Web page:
Exercise helps you to adapt your metabolism to the foods you are eating. New research shows that after a high-fat diet, a person who regularly exercises is able to "shift metabolic gears" and burn more fat, whereas a non-exerciser will store the fat and preferentially burn protein and carbohydrate sources of energy.
Why? Our bodies have evolved through times when there was not a supermarket on every corner. During times of famine it is preferable that the body store fat when possible. Our ancestors were hunter-gatherer's who primarily ate roots and vegetables and small animals. On the rare occasion that a large animal was available for dinner, our metabolism adapted to the task of storing more fat when "famine" conditions were present (large quantities of fat were only available from animal sources at the time).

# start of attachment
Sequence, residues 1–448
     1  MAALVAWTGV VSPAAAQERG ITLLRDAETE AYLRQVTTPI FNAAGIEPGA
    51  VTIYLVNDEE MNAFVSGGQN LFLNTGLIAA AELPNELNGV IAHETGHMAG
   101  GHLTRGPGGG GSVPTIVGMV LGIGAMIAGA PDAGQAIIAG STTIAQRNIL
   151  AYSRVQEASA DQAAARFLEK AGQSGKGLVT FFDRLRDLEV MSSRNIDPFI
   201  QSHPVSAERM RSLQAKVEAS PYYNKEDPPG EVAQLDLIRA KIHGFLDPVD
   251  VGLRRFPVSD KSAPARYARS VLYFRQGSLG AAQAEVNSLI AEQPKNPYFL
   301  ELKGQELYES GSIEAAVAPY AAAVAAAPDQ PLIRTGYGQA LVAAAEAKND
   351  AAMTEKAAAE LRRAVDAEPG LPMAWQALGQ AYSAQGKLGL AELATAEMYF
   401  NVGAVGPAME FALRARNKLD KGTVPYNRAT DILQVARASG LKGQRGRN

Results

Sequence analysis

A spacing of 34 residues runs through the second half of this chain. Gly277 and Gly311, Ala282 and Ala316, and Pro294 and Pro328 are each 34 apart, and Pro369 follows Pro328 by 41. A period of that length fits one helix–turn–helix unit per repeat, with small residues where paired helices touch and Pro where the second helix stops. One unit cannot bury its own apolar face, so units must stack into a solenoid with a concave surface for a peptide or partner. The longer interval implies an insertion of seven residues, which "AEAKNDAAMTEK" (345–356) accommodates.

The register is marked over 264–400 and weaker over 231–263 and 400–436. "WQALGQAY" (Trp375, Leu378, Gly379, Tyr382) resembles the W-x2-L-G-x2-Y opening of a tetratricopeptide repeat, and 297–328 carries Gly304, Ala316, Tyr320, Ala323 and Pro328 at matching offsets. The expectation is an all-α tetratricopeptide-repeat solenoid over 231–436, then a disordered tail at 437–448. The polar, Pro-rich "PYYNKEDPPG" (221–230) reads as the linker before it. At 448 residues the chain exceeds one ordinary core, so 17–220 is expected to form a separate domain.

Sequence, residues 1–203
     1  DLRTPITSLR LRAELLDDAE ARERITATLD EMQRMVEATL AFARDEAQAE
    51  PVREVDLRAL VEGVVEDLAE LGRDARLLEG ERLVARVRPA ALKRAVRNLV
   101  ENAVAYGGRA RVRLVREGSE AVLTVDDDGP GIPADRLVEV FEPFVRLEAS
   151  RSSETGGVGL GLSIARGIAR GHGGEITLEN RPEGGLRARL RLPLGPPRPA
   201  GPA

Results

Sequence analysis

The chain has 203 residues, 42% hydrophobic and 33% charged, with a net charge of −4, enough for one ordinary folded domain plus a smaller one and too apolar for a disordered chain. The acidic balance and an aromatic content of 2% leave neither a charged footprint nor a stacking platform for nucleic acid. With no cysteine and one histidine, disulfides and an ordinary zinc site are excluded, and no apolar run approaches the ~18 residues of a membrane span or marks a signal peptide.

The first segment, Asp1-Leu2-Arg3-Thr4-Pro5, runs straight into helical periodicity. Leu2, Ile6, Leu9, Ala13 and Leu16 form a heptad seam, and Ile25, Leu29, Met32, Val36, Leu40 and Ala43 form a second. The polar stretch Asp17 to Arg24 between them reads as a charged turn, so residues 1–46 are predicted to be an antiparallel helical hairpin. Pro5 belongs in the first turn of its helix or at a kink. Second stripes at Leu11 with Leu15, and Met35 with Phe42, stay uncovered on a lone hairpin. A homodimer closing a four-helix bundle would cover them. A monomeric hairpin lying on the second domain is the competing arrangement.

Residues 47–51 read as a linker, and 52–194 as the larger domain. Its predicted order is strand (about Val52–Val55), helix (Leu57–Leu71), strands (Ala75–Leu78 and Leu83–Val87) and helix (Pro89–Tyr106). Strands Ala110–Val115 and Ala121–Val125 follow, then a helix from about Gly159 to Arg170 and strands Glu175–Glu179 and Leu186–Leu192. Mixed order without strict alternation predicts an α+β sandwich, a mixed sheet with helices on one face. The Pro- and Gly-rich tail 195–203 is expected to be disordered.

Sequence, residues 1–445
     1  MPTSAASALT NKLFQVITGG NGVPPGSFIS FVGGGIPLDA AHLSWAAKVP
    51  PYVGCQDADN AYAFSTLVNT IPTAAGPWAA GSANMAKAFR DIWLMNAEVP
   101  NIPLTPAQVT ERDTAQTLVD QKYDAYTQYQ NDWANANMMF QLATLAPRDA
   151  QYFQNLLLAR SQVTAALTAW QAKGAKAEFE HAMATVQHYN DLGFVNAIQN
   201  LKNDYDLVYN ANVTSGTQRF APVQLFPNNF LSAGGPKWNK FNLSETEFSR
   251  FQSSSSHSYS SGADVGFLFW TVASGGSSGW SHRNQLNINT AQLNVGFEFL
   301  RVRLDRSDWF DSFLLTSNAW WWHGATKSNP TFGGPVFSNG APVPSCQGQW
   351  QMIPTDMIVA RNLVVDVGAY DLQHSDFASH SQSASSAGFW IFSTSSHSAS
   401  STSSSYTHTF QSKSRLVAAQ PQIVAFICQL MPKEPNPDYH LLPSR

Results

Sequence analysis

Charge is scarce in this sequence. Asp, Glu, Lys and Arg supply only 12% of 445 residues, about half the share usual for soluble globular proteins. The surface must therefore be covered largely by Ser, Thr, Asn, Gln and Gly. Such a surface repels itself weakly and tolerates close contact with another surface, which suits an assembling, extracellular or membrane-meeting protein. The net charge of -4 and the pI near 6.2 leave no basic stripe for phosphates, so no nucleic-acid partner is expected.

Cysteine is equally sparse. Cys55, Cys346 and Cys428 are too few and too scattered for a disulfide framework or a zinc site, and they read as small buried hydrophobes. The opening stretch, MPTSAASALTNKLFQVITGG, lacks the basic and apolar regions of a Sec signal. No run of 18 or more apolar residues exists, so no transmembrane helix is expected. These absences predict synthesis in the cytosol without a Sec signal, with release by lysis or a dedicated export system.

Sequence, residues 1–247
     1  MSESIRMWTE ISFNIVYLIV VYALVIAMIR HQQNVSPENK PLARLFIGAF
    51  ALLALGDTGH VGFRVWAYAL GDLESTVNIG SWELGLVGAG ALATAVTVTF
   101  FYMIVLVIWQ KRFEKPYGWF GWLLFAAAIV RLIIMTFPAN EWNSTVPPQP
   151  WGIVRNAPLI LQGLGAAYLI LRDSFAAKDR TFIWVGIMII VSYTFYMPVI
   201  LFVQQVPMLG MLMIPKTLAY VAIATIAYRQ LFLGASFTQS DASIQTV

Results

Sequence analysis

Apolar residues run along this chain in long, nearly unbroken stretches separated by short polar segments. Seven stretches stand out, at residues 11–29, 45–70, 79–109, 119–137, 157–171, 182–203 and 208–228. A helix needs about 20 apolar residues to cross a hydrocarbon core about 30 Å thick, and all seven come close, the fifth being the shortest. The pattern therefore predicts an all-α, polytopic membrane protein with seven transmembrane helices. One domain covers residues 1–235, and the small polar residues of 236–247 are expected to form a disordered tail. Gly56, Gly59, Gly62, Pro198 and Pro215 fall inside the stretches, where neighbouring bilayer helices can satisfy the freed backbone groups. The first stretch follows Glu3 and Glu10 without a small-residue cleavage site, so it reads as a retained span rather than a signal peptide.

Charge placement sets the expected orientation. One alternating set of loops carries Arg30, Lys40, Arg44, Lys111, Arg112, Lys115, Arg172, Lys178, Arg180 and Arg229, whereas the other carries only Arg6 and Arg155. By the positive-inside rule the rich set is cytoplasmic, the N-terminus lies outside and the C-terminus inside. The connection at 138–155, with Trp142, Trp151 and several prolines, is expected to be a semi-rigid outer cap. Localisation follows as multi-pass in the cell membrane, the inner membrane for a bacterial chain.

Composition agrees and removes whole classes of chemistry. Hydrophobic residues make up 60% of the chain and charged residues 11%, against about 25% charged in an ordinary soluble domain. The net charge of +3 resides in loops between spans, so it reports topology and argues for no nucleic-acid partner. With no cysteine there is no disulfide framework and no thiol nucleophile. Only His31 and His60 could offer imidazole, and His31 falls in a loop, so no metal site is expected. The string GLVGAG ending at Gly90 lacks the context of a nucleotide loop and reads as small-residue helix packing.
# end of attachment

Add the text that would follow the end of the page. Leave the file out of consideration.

What are famine conditions? Three things are commonly perceived by the body as famine:
Remember the law of supply and demand--whatever you demand of the body, it will supply. If you demand it to store fat by not exercising, having a stressful lifestyle, and poor eating habits, it will! If you demand it to remain fit and energetic by regular exercise, healthy eating habits, and regular peace cultivation, it will!
- Stress--hunger is a stressful situation, in the past stress was a sensible trigger for fat deposition. Now researchers believe that just by decreasing stress fat storage patterns in the body will change! (Read a great article on this in the San Francisco Chronicle)
- Long periods without food. For years people have been telling you to have three meals a day--do it! Have some healthy snacks in between (like nuts and raisins). When you regularly go long periods without food you trigger the famine response and will store more fat after your meals.
- Lastly, lack of exercise. Your body perceives inactivity as you trying to conserve energy during hard times. New research shows that simply exercising on a regular basis causes you to store less fat. In other words, you not only burn calories, but change your metabolism.
Read the research.